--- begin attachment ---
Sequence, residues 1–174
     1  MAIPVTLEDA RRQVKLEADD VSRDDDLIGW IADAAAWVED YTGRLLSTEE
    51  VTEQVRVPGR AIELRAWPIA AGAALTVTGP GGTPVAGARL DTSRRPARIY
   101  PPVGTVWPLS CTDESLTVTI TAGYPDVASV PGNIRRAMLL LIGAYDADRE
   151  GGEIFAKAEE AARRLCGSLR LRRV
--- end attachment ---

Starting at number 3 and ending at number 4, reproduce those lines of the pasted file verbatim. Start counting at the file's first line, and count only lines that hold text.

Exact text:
    51  VTEQVRVPGR AIELRAWPIA AGAALTVTGP GGTPVAGARL DTSRRPARIY
   101  PPVGTVWPLS CTDESLTVTI TAGYPDVASV PGNIRRAMLL LIGAYDADRE